In July 2015, Cambodia’s legislature passed a new law designed to regulate the country’s approximately 5,000 nongovernmental organizations (NGOs). The Law on Associations and Non-Governmental Organizations (LANGO) was unanimously supported by the ruling party, while the opposition party boycotted the vote and street protests erupted. Prime Minister Hun Sen stated that the law was necessary to track funding sources of NGOs and that orders to disband can be issued to groups if their actions “jeopardize peace, stability and public order or harm the national security, national unity, culture, and traditions of Cambodian society.”
Under LANGO, local organizations working in the areas of advocacy, legal rights and human rights run a higher risk of controversy with the government given the current political context. 2016 saw a number of troubling developments in the field of human rights in Cambodia, including a crackdown on dissenting voices and the arrest of five human rights defenders that spent 14 months in prison without a trial. In order to safeguard their important work, it is imperative these organizations employ procedures to enhance oversight and accountability. The Cambodian Center for Human Rights (CCHR) is doing just that as part of the Capacity Building of Cambodia’s Local Organizations (CBCLO) Program implemented by International Executive Service Corps (IESC) and funded by the U.S. Agency for International Development (USAID) through the Volunteers for Economic Growth Alliance (VEGA).
CCHR works to protect the people of Cambodia by monitoring human rights violations and the democratic process, advocating for policy and legislative changes necessary to the promotion of human rights, and empowering activists and communities to advocate for their rights. CCHR was previously struggling to effectively implement its program activities in the absence of written guidelines and procedures for purchasing goods and services. Its finance and administration policy manual, in particular, lacked clear directions and protocols on topics such as travel reimbursement for their clients—survivors of human rights abuses—who visit the organization for guidance on legal recourse. Because of CCHR’s work in the legal advocacy space, it is monitored and watched closely by the government for operational lapses, and/or misconduct.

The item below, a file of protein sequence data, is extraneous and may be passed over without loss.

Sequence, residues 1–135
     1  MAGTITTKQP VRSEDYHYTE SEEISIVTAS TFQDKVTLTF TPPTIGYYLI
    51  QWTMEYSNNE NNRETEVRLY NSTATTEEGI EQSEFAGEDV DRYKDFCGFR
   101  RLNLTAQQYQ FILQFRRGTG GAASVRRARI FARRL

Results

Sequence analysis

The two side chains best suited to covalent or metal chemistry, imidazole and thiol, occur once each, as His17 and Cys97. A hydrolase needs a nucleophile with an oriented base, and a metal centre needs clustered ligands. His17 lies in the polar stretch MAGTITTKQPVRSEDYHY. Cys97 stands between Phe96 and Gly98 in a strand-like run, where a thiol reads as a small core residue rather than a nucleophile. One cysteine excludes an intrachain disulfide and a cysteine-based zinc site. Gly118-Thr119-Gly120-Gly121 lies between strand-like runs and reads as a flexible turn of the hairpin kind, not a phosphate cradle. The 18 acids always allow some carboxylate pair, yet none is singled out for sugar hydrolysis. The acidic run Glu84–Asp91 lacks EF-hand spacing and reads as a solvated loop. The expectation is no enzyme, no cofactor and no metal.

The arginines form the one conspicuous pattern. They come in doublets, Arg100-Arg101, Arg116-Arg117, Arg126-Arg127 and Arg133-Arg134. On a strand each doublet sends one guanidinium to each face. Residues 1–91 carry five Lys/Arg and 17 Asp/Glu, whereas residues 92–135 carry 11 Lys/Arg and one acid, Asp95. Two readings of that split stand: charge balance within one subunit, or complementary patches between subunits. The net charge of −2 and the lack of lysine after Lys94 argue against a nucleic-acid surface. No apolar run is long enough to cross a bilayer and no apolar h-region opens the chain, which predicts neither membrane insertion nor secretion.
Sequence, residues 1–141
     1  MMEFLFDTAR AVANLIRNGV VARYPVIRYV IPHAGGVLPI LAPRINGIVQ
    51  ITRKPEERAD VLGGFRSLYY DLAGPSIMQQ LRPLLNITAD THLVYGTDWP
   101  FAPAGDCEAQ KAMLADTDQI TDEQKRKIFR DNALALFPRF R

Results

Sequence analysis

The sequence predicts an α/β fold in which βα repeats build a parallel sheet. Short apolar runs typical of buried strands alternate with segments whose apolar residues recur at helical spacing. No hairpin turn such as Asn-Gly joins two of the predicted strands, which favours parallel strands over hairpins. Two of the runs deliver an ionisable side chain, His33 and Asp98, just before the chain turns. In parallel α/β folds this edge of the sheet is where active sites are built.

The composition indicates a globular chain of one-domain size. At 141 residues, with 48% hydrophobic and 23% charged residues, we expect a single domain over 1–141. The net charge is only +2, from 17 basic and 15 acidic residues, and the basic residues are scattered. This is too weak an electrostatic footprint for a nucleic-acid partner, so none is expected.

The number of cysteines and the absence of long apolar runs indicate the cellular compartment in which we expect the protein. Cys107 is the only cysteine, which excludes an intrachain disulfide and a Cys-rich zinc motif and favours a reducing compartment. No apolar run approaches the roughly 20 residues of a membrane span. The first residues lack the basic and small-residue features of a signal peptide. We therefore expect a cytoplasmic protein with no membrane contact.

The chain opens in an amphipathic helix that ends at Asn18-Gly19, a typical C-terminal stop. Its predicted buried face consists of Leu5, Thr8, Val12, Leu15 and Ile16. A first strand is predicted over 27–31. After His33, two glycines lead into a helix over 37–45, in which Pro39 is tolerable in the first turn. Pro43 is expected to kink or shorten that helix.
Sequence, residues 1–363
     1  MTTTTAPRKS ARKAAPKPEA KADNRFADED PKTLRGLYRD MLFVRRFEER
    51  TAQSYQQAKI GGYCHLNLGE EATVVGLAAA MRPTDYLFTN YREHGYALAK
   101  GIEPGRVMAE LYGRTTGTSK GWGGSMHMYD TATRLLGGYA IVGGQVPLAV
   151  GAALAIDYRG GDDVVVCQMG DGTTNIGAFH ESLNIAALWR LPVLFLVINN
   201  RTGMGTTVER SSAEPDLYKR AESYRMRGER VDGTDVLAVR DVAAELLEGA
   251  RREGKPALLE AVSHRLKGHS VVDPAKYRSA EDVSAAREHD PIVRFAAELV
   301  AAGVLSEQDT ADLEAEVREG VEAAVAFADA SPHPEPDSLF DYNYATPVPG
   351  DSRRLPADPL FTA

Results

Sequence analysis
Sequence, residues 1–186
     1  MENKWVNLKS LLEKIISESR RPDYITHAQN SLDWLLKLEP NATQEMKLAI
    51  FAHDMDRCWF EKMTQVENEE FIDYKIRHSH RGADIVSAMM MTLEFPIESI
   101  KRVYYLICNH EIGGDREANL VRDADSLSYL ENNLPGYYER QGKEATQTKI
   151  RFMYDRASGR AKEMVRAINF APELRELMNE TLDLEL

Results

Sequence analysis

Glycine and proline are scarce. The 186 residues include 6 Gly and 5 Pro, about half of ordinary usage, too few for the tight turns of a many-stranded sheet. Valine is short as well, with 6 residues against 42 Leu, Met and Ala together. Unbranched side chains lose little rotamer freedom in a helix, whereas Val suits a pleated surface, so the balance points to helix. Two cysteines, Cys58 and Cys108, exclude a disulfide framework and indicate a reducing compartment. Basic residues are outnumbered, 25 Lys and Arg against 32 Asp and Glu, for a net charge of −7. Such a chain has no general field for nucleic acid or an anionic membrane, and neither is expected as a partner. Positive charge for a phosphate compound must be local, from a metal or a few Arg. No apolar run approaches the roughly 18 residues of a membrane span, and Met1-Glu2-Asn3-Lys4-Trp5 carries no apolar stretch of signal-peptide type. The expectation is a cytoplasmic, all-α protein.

In 2014, the CBCLO Program extended its support to Kalina Khan, CCHR director of finance and administration, and her team. By providing one-on-one technical assistance, the CBCLO team helped the organization develop a comprehensive procurement policy for the organization. The CBCLO field staff also helped strengthen the organization’s existing finance and administration policy by incorporating clear guidelines on procedures for travel authorization, processing of payment for their clients and staff timesheet recording.
CCHR has since seen tremendous improvement in the operations of the organization, and are now compliant with USAID policies on procurement and finance. Through compliance with such policies, the organization is now confident that its activities, although monitored by the government, are unquestionably free from fraud and mismanagement. Kalina Khan said, “Strong guidelines allow us more time to better help our at-risk beneficiaries… After CBCLO’s assistance, we feel confident and secure in handling our daily operations. This new system has greatly cut down [our operational expenses and] our confusion on operational matters.”